by Carson Wood
The Maine Institute for the Blind, known today as the Iris Network, was born in 1905 as a result of the efforts of the Maine Fraternal Association for the Blind, known today as ACB of Maine, ACB national's oldest affiliate. Presently, the Iris Network stands tall on its own merits, providing services to all of Maine's blind and visually impaired people.
The network has recently began the construction of apartments built specifically for people with visual impairments. Contrasting colors that mark the beginning of staircases, good lighting, braille as well as large- print markings, plus other innovations that can make life a little easier for those with visual impairments, have been incorporated into the project.
The National Federation of the Blind firmly believes in consumer choice. Consumer choice has been the buzzword when dealing with vocational rehabilitation services. The NFB wants rehab to include NFB centers as alternatives to local vendors for services. I agree that everything in life is a choice. I also believe that all the cards should be laid out on the table when a blind or visually impaired person is seeking a path to a better life. This being said, I question NFB, specifically Dr. Marc Maurer, if he and the NFB really do believe in consumer choice. If Maurer truly believes in consumer choice, I question his opposition to the Iris Network's apartment project he so negatively spoke against at NFB's national convention.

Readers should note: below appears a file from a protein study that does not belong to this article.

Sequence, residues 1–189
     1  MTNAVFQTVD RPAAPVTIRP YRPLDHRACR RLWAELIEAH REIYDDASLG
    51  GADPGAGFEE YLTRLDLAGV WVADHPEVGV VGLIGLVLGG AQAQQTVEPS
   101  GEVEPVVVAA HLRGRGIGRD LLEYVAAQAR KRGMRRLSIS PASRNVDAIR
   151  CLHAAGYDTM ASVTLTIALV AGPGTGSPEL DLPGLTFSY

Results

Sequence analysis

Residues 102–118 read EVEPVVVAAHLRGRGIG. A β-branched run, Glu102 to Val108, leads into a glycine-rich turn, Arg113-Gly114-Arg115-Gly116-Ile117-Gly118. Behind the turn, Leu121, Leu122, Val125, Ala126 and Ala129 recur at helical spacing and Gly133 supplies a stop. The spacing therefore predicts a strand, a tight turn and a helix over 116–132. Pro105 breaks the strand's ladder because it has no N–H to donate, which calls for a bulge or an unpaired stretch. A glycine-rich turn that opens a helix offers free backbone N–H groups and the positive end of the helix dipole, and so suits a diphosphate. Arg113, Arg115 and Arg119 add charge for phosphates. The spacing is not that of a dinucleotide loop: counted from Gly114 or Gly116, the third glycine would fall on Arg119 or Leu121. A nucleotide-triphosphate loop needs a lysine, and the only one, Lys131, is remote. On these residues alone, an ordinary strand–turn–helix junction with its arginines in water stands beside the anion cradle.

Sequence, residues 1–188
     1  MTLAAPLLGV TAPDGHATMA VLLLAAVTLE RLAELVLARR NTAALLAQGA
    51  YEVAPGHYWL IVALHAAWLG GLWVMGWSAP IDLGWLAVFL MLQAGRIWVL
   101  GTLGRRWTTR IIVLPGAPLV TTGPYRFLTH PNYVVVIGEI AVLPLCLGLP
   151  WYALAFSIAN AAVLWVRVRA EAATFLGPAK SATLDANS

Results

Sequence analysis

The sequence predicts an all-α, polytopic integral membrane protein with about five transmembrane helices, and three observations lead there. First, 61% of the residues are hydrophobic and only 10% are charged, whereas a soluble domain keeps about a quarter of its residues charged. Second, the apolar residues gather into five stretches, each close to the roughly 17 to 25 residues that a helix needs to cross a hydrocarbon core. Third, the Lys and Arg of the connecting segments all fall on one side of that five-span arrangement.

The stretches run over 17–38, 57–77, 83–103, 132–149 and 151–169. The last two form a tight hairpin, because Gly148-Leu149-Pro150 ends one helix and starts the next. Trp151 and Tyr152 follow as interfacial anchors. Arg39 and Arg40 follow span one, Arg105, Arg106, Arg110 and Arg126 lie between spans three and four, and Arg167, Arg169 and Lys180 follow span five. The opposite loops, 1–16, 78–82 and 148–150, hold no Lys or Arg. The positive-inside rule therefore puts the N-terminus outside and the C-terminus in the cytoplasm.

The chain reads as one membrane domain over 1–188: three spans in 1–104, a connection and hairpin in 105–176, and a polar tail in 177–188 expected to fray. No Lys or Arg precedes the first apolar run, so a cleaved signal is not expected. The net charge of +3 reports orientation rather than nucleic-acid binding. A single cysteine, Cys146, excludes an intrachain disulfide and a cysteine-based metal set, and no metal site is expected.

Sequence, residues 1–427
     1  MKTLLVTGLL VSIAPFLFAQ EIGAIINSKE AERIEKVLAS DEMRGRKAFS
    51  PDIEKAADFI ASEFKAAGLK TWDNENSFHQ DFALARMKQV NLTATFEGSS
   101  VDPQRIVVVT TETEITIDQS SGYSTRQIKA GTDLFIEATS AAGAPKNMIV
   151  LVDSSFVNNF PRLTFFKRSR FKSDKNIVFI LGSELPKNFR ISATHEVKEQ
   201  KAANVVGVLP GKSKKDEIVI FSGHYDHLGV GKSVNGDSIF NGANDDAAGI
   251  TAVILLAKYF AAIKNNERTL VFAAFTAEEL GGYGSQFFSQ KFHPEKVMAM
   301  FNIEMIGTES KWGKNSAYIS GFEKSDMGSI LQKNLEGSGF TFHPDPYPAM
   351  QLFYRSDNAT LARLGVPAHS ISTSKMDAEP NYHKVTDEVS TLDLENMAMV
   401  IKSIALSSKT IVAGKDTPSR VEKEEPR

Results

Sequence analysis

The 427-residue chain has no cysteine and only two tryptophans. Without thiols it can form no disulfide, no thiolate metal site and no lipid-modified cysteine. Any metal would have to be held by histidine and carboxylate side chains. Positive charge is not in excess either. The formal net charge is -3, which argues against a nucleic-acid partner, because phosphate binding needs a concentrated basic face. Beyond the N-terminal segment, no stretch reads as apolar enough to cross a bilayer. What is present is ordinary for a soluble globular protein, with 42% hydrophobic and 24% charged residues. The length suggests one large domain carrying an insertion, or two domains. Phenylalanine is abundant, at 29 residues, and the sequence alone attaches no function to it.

I understand the need for blind and visually impaired people to educate the sighted world to the fact that blind and visually impaired people can function in the world and are equal members of society. I don't believe we need to live in chosen discomfort to prove that point when we can make adaptations that make life easier and more pleasant in our private dwellings. If Maurer believes we do need to live in chosen discomfort to prove a point, then perhaps older Americans and people in wheelchairs should choose housing with stairs so everyone can see that they can overcome such barriers.
I am fortunate enough to own my own home. But there are many people who are not as fortunate. I love my home because I have lighting, furniture arrangements, and everything else set up just the way I want it. I do not choose to live in discomfort to prove a point to anyone.
The Iris Network Apartment Project is a new and exciting idea that fills a need. When completed, there will be consumer choice in housing for blind and visually impaired people in Portland, Maine.